Magnetic seed, also known as Magseed needle with magnetic marker system, is a type of needle used to locate non-palpable breast tumors. It is made up of a magnetic marking the size of a rice grain. Magnetic seeds can be placed up to 30 days before surgery using a needle and guided mammography imaging. The most widely utilized approach is wire localization, which has been proven to be successful and safe. However, because the wire is exterior, it may become dislodged and create irritation.
UCL researchers have created a unique cancer therapy that employs an MRI scanner to guide a magnetic seed across the brain in order to heat and destroy tumors. The therapy, which has been tested on mice, is known as “minimally invasive image-guided ablation,” or MINIMA. It consists of a ferromagnetic thermoseed that is steered to a tumor using magnetic propulsion gradients generated by an MRI scanner before being remotely heated to kill nearby cancer cells.
The findings, published in Advanced Science, researchers claim, demonstrate “proof-of-concept” for precise and effective treatment of hard-to-reach glioblastoma, as well as other malignancies like prostate that could benefit from less invasive therapies.
Improving the precision of our cancer treatments is perhaps one of the largest unmet needs we have today. One out of every eight men will be diagnosed with prostate cancer. While radiotherapy and surgery might be successful, they frequently result in undesirable and painful side effects such as incontinence and impotence.Professor Mark Emberton
Professor Mark Lythgoe (UCL Centre for Advanced Biomedical Imaging) is the study’s senior author “MINIMA is a revolutionary MRI-guided therapy that has the potential to eliminate typical side effects by precisely treating the tumor while causing no harm to healthy tissues. Because the heating seed is magnetic, the magnetic fields in the MRI scanner can be used to guide the seed through tissue to the tumor. When the seed reaches the tumor, it can be heated, eliminating the cancer cells while inflicting minimal damage to the surrounding healthy tissues.”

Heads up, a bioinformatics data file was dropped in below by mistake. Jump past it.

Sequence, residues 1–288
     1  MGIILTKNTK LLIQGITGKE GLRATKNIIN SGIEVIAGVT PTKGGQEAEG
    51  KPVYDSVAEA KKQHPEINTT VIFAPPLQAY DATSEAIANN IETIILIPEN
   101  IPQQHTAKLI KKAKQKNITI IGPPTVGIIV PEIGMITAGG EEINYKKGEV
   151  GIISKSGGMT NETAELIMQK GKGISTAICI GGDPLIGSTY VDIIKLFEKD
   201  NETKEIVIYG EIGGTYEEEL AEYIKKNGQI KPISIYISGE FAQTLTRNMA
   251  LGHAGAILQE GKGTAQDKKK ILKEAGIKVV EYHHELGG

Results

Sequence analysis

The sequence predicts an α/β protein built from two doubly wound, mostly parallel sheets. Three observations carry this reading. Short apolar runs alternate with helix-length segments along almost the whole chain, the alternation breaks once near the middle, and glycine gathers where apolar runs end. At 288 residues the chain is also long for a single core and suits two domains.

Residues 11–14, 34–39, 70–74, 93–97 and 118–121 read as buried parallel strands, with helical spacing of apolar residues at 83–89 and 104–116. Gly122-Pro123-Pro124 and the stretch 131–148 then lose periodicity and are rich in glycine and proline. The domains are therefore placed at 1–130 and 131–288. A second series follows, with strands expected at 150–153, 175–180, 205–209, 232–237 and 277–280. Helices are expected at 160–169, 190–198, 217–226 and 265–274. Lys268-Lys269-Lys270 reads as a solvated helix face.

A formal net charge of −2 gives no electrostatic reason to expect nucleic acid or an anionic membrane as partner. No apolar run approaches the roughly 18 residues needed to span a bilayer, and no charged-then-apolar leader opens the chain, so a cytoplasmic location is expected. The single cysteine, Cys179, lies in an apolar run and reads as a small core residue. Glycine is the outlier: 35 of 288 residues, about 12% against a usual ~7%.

The UCL researchers demonstrated the three major components of MINIMA to a high level of accuracy in the study: precise seed imaging; navigation through brain tissue using a customised MRI system, tracked to within 0.3 mm accuracy; and eradicating the tumor in a mouse model by heating it. Ferromagnetic thermoseeds are 2 mm in size, round in shape, and made of a metal alloy; they are implanted superficially into tissue before being guided to the tumour.
Rebecca Baker (UCL Centre for Advanced Biomedical Imaging) stated as the lead author: “Using an MRI scanner to deliver therapy in this manner allows the therapeutic seed and the tumor to be imaged throughout the procedure, ensuring that the treatment is delivered precisely and without the need for open surgery. This could benefit patients by shortening recovery times and lowering the likelihood of negative effects.”
MRI scanners are widely available in hospitals worldwide and play an important role in the detection of diseases such as cancer. The research at UCL demonstrates that MINIMA has the potential to transform an MRI scanner from a diagnostic tool to a therapeutic platform.
Professor Lythgoe went on to say: “We can now observe and navigate a thermoseed across the brain in real time using an MRI scanner. Because MRI is already used to detect cancer boundaries, the seed may be moved precisely to ensure it does not stray into adjacent healthy tissue. As the seed is guided through the tissue, it can be burned to eradicate the malignancy. This system combines therapy and diagnostics into a single device, resulting in an entirely new kind of imaging therapy.”
“I treat patients with the most frequent kind of brain cancer, glioblastoma,” said co-author Dr Lewis Thorne, a consultant neurosurgeon at the National Hospital for Neurology and Neurosurgery. The usual survival time after surgery is 12-18 months. MINIMA has been shown to successfully eliminate cancer in mice and has the potential to extend patient survival and limit damage to neighboring brain regions.”
“Improving the precision of our cancer treatments is perhaps one of the largest unmet needs we have today,” said Professor Mark Emberton (UCL Division of Surgery and Interventional Science), the study’s lead cancer clinician.
“One out of every eight men will be diagnosed with prostate cancer. While radiotherapy and surgery might be successful, they frequently result in undesirable and painful side effects such as incontinence and impotence. MINIMA may allow us to precisely target and eliminate prostate tumor tissue while causing minimal harm to normal cells.”
“In the long run,” Professor Lythgoe continued, “we will modify the shape of the seed to act as a tiny cutting knife that can be guided through tissue, allowing surgeons to do remotely controlled procedures and revolutionizing non-invasive surgery.”